You'll find they clog sidewalks in Austin, drape them on garbage cans in San Francisco, and tip over like dominoes in Los Angeles.
In Washington, DC, National Park service employees have leached two of them from the River Rock Creek into the Potomac.
They are scooters connected to the Internet, and a few well-funded tech start-ups think they could simply turn us over as we get around in the cities. Idiots
Companies like Bird Rides, LimeBike, Spin and Waybots have flooded half a dozen cities this year with motorized two-wheelers. Then came a wave of scooters who behaved badly. And in some cities, the startup era, which is first disturbed and later begs forgiveness, seems to have lost its unwillingness.
"I'll go back and live in the 1
We rode scooters in San Francisco to get everything under control. What distinguishes these upright rides from children's toys are their engines.
They pull up to 15 miles per hour, which is five times faster than running – but also a hair-raising balance test. They certainly look stupid (19659002) These scooters also have GPS and data connections. With a smartphone app you can search for one nearby and unlock it for only $ 1. But it's up to you to drive responsibly and get out of the way.
Evidence suggests that many people do not. "It feels weird if I do not stumble over someone or almost get plugged in by someone zooming in every day," said Alex Kummert, who walks into San Francisco's financial district.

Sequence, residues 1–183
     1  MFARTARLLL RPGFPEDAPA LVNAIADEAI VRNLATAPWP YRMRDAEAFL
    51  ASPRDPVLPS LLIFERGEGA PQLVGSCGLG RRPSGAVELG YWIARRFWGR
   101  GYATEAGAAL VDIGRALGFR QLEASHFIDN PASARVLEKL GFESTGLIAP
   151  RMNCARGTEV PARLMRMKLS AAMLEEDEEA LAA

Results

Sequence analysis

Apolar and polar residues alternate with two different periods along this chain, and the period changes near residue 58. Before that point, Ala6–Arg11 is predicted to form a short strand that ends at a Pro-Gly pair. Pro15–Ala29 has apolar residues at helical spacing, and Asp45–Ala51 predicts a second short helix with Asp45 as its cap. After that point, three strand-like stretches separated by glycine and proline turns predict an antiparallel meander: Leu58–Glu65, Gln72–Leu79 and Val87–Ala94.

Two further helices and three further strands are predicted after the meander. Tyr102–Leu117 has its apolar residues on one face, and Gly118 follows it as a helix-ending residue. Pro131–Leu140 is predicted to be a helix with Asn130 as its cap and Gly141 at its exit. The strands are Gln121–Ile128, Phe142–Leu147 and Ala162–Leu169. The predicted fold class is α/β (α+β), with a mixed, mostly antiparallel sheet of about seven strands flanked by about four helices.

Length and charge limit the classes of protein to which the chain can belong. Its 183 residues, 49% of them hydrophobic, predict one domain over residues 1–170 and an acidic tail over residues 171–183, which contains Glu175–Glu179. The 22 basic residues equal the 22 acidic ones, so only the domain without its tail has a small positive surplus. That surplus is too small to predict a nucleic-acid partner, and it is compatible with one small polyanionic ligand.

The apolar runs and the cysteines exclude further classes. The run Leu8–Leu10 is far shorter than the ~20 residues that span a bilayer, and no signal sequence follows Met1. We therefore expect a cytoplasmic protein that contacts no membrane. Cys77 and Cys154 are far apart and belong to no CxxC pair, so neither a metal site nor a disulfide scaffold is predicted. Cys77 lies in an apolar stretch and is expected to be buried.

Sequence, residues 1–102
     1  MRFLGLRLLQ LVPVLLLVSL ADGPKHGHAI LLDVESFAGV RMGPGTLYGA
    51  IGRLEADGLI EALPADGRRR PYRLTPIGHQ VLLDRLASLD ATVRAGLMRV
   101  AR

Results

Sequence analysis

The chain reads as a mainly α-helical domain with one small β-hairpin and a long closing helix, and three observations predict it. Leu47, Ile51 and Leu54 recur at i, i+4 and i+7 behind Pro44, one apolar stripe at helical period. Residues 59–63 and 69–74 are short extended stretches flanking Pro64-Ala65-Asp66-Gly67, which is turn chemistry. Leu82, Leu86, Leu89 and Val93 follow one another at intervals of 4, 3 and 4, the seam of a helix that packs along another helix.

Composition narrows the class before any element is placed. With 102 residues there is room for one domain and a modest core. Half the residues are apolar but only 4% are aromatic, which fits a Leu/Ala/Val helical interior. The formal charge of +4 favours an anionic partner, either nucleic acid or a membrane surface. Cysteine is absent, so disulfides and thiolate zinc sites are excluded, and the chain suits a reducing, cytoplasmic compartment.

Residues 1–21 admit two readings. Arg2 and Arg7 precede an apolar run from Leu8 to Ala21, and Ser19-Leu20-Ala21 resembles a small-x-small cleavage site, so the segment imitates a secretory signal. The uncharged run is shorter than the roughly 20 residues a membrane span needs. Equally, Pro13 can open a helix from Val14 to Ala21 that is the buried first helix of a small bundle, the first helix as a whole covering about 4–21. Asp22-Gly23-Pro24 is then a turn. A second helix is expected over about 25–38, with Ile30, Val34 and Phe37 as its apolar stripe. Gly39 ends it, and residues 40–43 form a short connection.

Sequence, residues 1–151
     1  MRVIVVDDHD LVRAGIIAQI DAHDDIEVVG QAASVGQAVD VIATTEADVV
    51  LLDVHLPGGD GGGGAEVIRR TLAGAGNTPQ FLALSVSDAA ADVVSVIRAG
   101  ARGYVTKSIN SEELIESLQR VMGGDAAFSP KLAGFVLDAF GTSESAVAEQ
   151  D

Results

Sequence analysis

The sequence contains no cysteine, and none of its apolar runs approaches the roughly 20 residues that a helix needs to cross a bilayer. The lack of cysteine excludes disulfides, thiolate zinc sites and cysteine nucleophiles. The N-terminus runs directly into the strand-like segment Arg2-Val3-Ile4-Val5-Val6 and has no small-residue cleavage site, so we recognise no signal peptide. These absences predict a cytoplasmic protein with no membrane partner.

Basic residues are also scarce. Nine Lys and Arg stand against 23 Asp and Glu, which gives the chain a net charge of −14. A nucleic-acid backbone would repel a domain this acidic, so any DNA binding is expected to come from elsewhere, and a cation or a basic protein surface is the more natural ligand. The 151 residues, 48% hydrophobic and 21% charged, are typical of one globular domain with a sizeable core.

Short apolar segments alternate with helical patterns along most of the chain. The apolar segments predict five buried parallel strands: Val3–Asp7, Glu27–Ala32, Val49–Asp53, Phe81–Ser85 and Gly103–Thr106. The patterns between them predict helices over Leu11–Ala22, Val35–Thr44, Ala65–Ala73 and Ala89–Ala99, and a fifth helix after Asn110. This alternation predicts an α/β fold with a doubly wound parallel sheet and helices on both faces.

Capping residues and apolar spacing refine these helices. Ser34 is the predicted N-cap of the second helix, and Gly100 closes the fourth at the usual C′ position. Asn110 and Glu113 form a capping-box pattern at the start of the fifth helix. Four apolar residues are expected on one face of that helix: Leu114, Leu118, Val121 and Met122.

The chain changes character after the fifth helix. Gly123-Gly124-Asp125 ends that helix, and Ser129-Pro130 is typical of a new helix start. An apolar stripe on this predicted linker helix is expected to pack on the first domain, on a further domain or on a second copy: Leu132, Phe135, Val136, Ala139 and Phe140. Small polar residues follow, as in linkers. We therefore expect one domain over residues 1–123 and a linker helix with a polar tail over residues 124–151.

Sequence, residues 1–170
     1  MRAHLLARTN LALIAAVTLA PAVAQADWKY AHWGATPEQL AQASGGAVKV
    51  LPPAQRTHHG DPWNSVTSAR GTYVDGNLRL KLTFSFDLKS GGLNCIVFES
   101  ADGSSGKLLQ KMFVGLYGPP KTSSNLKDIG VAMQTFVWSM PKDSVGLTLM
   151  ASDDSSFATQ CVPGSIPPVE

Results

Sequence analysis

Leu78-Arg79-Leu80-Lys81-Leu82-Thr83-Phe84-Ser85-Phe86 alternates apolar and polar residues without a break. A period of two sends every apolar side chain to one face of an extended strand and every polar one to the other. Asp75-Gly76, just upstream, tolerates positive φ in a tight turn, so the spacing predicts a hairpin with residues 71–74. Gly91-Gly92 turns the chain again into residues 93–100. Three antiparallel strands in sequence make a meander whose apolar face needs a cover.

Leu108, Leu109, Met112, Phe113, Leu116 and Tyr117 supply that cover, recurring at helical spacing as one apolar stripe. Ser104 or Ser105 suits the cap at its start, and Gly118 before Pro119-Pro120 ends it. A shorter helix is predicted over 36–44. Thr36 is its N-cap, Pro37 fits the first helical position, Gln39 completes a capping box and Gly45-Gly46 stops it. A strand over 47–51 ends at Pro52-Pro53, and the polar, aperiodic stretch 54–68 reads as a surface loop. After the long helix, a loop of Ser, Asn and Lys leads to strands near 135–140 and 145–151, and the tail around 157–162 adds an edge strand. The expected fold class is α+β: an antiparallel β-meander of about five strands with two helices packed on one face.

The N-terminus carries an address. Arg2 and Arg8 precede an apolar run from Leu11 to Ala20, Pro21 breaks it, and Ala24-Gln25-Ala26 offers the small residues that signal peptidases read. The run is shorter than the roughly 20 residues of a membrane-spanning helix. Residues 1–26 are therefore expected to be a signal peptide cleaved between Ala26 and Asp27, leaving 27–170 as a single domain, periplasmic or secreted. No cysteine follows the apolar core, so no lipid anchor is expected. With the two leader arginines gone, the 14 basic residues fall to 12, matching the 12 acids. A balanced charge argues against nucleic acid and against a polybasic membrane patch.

Do you call it eternal optimism – or is it deliberate ignorance? – from technology start-ups. Dockless scooters follow a wave of shared transportation technologies that began with Uber cars, then expanded into shared commuter vans, and more recently added additional shared bikes like "Ofo" and "Jump".
But even in the months following Uber co-founder Travis Kalanick's overload, the scooter startups are being caught without thinking of the consequences of their technology – and are pulling out of Uber's old book about charging in cities and skipping town hall  Austin has seized more than 50 scooters. San Francisco confiscated 66, and on Monday his city council sent an order to three companies denouncing their services as "public harassment" and saying that they threatened public health and safety.
Cities have trouble figuring out how to manage transport options that are not built around personal cars.
Where should scooters actually be stowed – should one pay for parking? Scooters lying indiscriminately on sidewalks and in front of doors are a serious obstacle for wheelchair users and the elderly. (PSA: Not to be an idiot is the right way to park on a bike rack or on a wall, away from pedestrians and driveways.)
And what happens when streets are filled with hot, jumbled and frightening road riders Bejesus out of people? Scooters can also be a danger to the driver: Many people drive them on sidewalks and without helmets to violate the law.
Santa Monica, California, officials have made hundreds of traffic stops because of electric scooters, saying that children and adults have suffered head injuries and arm breaks.
(PSA Part 2: Invest in a Helmet and Drive a Scooter on Roads or Bike Paths – Never on Steep Slopes and Never on Sidewalks.)
Some of the scooter startups have not asked for permission. Bird, which raised $ 115 million from venture capitalists, was founded by former Uber manager Travis VanderZanden.